The weekly FMCG round up from WhatPackaging?

The fast-moving consumer goods (FMCG) sector is India’s fourth-largest sector. It grew at 16% in FY21 and is expected to increase at a CAGR of 14.9% to reach USD 220 billion by 2025 (Source: IBEF: FMCG Industry in India). WhatPackaging’s Charmiane Alexander, Abhay Avadhani and Disha Chakroborty, spot five FMCG headlines - ITC, Marico, Parag Milks, HUL and small packs - which have been making waves among the packaging fraternity.

23 Nov 2022 | By WhatPackaging? Team

The Weekly Column by Abhay Avadhani, Charmiane Alexander and Disha Chakroborty

FMCG sales in villages to grow at twice the pace of urban markets
The Kolkata-based conglomerate's FMCG sales in smaller towns and villages is growing at twice the pace of urban markets.  When the WhatPackaging? team looked at the company's portfolio, it spotted 25 world-class Indian brands. Today, the group is the largest incubator of FMCG brands in India, anchoring competitive and inclusive value chains in wheat, potato, fruits and vegetables, dairy, aqua, forestry among others, that empower millions of farmers.

During his AGM address in July 2022, the chairman & managing director, Sanjiv Puri, said the FMCG businesses have garnered an annual consumer spend of Rs 24,000 crore. Puri added, there is substantial headroom to grow, with "a total addressable market potential of Rs 5,00,000 crores by 2030, which is amongst the highest in the Indian FMCG space."

Marico collects 6,300 MT of plastic waste this year
Marico has collected and co-processed 6,300 MT of plastic waste in FY22. Harsh Mariwala, the chairman of Marico said, "FY22 has been a milestone year in our sustainable value creation journey as we also stepped up our overall climate resilience and ESG leadership agenda." In February 2022, Marico announced its commitment to achieve net zero emissions in its global operations by 2040. This will entail transitioning to 100% certified carbon neutral operations across Marico's global operations (India, Bangladesh, Vietnam and Egypt) and utilising 100% renewable energy while reducing direct GHG emissions across its global footprint.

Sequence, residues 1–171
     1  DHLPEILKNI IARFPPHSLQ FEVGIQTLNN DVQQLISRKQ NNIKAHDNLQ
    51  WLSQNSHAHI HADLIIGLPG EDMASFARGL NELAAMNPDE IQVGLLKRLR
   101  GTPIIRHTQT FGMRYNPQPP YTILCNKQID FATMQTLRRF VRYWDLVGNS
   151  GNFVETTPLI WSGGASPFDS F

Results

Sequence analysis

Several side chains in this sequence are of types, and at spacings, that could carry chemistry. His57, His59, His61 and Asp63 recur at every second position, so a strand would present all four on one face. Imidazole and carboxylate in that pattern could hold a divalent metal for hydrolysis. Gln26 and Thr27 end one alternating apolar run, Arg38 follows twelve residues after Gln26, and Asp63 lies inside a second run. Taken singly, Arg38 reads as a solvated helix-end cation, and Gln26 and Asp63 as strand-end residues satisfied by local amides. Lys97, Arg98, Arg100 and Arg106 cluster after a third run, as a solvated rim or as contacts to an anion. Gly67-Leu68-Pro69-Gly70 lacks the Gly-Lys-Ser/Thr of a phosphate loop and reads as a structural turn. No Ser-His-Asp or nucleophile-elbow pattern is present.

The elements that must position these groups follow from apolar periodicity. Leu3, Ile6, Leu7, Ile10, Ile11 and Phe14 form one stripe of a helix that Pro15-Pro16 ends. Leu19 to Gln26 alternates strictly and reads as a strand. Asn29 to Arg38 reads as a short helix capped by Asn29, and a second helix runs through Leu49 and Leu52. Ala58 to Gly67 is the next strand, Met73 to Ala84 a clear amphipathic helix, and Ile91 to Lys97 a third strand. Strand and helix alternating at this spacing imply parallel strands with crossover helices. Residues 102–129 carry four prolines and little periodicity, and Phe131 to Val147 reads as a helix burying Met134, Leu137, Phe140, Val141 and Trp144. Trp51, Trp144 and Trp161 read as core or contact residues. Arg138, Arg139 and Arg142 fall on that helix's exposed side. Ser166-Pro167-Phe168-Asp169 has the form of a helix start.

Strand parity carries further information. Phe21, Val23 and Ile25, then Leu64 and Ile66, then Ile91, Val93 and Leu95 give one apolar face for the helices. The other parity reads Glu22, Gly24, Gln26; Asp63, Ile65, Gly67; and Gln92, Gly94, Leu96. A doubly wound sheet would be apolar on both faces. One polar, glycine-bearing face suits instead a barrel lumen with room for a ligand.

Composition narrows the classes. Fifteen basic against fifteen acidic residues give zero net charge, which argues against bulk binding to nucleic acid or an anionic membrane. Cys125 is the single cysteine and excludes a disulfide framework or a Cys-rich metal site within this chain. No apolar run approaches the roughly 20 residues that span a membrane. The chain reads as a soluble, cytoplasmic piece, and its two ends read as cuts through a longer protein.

Mariwala stated, "Towards plastic waste management, Marico has achieved 96% recyclable packaging through the ‘Upcycle' programme." Additionally in-line with the Extended Producer Responsibility (EPR) towards collection and environmentally safe disposal of post-consumer plastic waste, the Marico group has collected co-processed and recycled 6300 MT of plastic waste in FY22. Marico has joined the India Plastics Pact (IPP), a global leadership platform to propel India's future towards integration of circularity principles in the plastics' ecosystem.

Parag revenue stands at Rs 20,718 million  
Parag Milks Foods Limited (PMFL) ensures the freshness and regularity of its dairy products. Also despite the hurdles, the group's consolidated revenue from operations recorded a growth of 12.5% and stood at INR 20,718 Million in FY22 compared to INR 18,418 Million in FY21. This increase was mainly driven by a ~20% Y-o-Y growth in core categories. Today, PMFL is a leader and pioneer in the cow ghee category with Gowardhan ghee leading the pack with a 20% market share. Also, PMFL has pioneered the concept of fresh paneer with 75 days shelf life.